The United Nations has given refuge to about 6,000 people escaping violence in the eastern regions of South Sudan after a surge in attacks.
Armed groups targeted a village outside Pibor, near the border with Ethiopia, on Wednesday and more people are expected to seek protection as tensions mount, according to the UN mission in the oil-rich country.
“This conflict is not simply intercommunal between ethnic groups,” David Shearer, the head of the mission, said in an emailed statement. “Other political figures are at work. External actors need to stop deliberately stoking the conflict for the sake of local communities.”
Fighting between groups erupted months ago, leaving hundreds of people dead and starving as harvests and livestocks are destroyed in the East African nation.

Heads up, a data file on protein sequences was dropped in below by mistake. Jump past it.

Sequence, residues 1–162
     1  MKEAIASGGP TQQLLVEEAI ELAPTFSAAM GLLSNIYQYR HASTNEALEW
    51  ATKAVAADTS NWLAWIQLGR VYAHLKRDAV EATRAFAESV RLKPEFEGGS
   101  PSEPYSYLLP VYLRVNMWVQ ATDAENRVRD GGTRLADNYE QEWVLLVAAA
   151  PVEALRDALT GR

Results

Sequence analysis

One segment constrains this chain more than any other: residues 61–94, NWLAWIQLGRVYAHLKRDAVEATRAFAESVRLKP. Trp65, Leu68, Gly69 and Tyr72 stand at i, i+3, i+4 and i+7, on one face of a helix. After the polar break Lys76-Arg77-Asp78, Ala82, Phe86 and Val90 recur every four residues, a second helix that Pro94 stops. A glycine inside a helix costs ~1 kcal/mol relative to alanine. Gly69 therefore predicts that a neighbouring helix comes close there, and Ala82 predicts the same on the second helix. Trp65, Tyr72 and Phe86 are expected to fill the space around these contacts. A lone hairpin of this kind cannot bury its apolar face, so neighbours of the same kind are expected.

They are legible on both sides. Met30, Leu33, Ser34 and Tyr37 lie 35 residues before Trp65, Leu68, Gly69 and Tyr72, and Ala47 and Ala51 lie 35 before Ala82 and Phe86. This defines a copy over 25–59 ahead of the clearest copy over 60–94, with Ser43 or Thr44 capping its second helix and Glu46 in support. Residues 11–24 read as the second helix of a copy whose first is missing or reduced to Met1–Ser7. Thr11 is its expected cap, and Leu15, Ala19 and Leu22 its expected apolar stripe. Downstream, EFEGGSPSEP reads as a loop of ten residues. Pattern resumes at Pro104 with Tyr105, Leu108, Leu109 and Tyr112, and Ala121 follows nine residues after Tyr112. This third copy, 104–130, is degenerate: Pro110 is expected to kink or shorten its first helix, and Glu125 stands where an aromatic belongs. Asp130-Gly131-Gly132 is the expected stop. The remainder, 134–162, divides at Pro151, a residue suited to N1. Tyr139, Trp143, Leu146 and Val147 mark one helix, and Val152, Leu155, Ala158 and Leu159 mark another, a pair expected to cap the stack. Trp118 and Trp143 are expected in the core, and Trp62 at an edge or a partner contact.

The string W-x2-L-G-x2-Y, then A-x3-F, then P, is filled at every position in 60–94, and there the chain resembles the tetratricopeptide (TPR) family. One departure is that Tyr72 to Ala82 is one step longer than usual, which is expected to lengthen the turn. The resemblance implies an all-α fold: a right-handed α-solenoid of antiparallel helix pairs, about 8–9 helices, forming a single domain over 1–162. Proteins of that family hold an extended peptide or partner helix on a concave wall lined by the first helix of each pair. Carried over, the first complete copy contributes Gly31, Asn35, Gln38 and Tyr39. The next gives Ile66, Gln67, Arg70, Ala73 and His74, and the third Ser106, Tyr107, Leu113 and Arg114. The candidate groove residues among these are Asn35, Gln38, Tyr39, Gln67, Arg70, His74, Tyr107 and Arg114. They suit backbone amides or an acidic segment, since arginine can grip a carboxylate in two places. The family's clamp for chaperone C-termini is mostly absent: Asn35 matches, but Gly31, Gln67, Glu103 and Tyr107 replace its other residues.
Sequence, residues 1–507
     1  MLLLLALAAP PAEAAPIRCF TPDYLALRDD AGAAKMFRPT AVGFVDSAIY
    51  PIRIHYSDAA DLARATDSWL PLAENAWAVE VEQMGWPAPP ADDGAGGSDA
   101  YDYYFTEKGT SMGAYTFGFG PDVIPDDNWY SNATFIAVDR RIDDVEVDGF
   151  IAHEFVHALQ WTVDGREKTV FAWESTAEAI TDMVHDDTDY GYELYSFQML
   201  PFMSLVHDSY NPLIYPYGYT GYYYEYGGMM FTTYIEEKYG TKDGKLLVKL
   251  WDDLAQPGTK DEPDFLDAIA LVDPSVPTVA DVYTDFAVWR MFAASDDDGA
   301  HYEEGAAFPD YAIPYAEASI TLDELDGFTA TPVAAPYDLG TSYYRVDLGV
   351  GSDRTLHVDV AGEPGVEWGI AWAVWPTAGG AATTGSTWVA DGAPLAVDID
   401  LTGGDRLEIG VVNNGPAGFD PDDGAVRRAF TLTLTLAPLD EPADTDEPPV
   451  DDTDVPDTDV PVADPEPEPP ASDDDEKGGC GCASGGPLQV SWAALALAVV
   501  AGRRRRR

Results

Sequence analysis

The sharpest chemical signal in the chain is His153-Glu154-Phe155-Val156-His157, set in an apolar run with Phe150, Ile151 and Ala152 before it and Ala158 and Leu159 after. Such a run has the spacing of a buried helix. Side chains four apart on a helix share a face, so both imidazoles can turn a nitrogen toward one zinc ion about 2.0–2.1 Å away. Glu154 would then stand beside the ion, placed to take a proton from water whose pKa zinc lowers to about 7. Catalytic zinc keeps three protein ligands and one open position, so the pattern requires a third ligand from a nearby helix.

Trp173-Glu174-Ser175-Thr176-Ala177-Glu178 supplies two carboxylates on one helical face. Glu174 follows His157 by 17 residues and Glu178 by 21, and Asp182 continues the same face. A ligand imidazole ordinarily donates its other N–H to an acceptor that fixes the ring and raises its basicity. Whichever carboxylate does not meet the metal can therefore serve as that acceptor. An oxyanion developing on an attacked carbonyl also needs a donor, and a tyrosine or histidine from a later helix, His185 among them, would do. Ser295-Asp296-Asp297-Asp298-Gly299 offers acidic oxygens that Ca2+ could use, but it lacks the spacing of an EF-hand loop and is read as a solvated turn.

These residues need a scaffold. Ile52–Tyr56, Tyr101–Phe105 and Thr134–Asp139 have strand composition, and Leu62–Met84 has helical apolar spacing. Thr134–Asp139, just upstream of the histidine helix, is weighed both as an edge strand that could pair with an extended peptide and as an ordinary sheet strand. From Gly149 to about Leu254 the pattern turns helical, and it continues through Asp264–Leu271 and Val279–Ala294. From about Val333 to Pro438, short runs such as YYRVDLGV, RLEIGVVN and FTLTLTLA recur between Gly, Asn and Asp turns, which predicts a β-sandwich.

It also threatens to unravel a long-negotiated peace agreement that helped bring to an end five years of civil war in a nation with sub-Saharan Africa’s third-largest oil reserves.
A power-sharing government was formed in February, led by President Salva Kiir and former rebel leader, Riek Machar, as vice president.
The area where the attack occurred was already badly hit by displacement, flooding, hunger and Covid-19 and humanitarian agencies are struggling to support the people affected, Shearer said.